Budget Airlines – There are no domestic flights around Slovakia.
Car Rental – Car rentals can be as low as 25 EUR per day for a multi-day rental. You need an International Driver’s Permit (IDP) to rent a vehicle.
Hitchhiking – Hitchhiking in Slovakia is pretty safe and you can usually pick up a ride quickly. Many younger Slovakians speak English. HitchWiki is the best website for up-to-date hitchhiking tips and info.
When to Go to Slovakia
Slovakia has four distinct seasons. The summers are sunny and hot and see the biggest influx of visitors. July-August is the most popular time to visit, with daily highs around 27°C (81°F).
During the shoulder seasons, you avoid both the heat and the crowds. The best months to visit are between May-June or September-October, especially if you’re hiking. There are cooler temperatures and, in the fall, you get to see the leaves change. Expect temperatures around 20°C (68°F).
Winter is cold and snowy with temperatures dropping below freezing so I’d only visit if you plan on doing some winter sports, such as skiing.
How to Stay Safe in Slovakia
Slovakia is a very safe country to visit; it’s the 19th safest country in the world. Violent crime against tourists is virtually nonexistent. Pickpocketing can occur, however, especially in high-traffic areas such as Bratislava’s Old Town. Keep your valuables safely tucked away when in public just to be safe.
Solo female travelers should feel safe here, though the standard precautions apply (never leave your drink unattended at the bar, never walk home alone intoxicated, etc.).
If someone strikes up a conversation with you trying to sell something or if young children approach you, be on alert — their friend may be reaching for your wallet while you’re distracted.
If you’re worried about getting scammed, read this post on common travel scams to avoid.
If you rent a car, don’t leave any valuables in it while you’re hiking or overnight. Break-ins are rare but it’s better to be safe than sorry.
If you’re hiking here (especially doing alpine hiking in the mountains), make sure you let your hostel/hotel staff know just in case. Always bring a first aid kit as well as basic gear like a flashlight, raincoat, and extra food just in case.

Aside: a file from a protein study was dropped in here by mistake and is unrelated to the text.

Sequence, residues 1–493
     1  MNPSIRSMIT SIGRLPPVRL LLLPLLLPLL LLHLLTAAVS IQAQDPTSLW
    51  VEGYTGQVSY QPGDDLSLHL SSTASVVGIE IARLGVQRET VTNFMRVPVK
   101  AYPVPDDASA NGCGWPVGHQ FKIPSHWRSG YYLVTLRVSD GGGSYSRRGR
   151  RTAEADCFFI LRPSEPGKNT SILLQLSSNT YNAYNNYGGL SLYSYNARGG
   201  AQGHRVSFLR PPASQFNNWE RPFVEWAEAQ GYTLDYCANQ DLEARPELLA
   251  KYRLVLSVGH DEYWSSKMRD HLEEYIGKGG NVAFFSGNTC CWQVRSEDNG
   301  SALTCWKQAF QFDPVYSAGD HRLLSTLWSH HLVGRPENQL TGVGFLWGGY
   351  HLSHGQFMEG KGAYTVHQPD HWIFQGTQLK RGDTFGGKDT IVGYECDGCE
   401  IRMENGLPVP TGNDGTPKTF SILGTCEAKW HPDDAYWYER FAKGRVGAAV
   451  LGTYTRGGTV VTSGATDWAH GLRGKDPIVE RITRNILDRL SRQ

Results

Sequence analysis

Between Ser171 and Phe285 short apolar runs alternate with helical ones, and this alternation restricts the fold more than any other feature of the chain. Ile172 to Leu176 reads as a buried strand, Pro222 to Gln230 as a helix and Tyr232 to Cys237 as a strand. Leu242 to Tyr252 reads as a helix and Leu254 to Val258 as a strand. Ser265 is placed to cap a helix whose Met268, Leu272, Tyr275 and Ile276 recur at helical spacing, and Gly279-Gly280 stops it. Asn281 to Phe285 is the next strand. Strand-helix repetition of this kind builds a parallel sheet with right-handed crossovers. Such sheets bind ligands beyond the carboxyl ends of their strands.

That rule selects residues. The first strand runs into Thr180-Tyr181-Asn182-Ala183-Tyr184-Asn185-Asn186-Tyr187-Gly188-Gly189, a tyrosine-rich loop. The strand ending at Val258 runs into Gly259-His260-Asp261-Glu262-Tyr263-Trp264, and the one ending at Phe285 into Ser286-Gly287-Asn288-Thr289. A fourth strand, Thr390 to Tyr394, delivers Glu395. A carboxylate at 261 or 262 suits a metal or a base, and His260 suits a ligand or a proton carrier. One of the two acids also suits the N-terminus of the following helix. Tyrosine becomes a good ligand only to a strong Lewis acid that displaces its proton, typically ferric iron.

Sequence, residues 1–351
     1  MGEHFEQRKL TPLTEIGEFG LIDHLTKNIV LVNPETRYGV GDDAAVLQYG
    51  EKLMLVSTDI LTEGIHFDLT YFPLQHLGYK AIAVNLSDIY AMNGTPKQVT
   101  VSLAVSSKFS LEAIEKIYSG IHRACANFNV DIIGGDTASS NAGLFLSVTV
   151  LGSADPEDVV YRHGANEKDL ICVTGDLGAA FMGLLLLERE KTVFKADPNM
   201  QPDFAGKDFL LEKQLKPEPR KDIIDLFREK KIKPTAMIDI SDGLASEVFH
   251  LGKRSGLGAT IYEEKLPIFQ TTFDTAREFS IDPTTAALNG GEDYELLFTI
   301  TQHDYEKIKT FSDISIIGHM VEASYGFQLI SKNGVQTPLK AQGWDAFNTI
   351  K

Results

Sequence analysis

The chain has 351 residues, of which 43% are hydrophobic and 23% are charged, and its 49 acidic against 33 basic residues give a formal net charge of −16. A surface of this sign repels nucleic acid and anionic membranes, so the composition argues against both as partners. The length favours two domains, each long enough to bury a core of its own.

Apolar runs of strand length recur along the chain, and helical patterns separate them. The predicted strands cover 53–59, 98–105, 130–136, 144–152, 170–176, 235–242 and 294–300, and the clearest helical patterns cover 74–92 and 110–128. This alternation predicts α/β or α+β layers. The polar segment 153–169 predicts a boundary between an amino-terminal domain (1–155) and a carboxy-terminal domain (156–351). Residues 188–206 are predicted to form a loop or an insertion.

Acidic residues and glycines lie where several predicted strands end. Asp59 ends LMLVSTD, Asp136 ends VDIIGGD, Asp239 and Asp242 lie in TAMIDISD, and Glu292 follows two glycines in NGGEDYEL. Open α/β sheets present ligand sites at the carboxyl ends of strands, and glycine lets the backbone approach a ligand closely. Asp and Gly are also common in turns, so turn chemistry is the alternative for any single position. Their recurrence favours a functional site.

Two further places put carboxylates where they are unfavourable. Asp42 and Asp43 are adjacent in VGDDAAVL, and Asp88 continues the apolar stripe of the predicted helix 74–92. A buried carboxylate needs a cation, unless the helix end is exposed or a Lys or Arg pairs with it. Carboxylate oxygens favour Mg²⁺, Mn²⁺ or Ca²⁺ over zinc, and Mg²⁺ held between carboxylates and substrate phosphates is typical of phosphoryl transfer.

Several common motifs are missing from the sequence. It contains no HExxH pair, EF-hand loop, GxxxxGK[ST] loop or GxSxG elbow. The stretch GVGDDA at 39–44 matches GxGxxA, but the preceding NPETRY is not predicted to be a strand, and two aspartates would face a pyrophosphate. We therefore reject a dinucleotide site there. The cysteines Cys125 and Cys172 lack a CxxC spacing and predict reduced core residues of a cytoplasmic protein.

If you experience an emergency, dial 158 for assistance.
Always trust your gut instinct. Make copies of your personal documents, including your passport and ID. Forward your itinerary along to loved ones so they know where you are.
The most important piece of advice I can offer is to purchase good travel insurance. Travel insurance will protect you against illness, injury, theft, and cancellations. It’s comprehensive protection in case anything goes wrong. I never go on a trip without it as I’ve had to use it many times in the past. You can use the widget below to find the policy right for you:
Slovakia Travel Guide: The Best Booking Resources
These are my favorite companies to use when I travel. They consistently have the best deals, offer world-class customer service and great value, and overall, are better than their competitors. They are the companies I use the most and are always the starting point in my search for travel deals.
- Skyscanner – Skyscanner is my favorite flight search engine. They search small websites and budget airlines that larger search sites tend to miss. They are hands down the number one place to start.
- Hostelworld – This is the best hostel accommodation site out there with the largest inventory, best search interface, and widest availability.
- Booking.com – The best all around booking site that constantly provides the cheapest and lowest rates. They have the widest selection of budget accommodation. In all my tests, they’ve always had the cheapest rates out of all the booking websites.
- Get Your Guide – Get Your Guide is a huge online marketplace for tours and excursions. They have tons of tour options available in cities all around the world, including everything from cooking classes, walking tours, street art lessons, and more!
- SafetyWing – Safety Wing offers convenient and affordable plans tailored to digital nomads and long-term travelers. They have cheap monthly plans, great customer service, and an easy-to-use claims process that makes it perfect for those on the road.
- LifeStraw – My go-to company for reusable water bottles with built-in filters so you can ensure your drinking water is always clean and safe.
- Unbound Merino – They make lightweight, durable, easy-to-clean travel clothing.
- BlaBlaCar – BlaBlaCar is a ridesharing website that lets you share rides with vetted local drivers by pitching in for gas. You simply request a seat, they approve, and off you go! It’s a cheaper and more interesting way to travel than by bus or train!
Slovakia Travel Guide: Related Articles
Want more info? Check out all the articles I’ve written on backpacking/traveling Europe and continue planning your trip:
My Step-By-Step Guide to Backpacking Europe
How Much Does it Cost to Travel Western Europe?
6 Cheap Ways to Travel Across Europe
Where to Stay in Copenhagen: The Best Neighborhoods for Your Visit
Where to Stay in Dublin: The Best Neighborhoods for Your Visit
The 24 Best Things to Do in Rome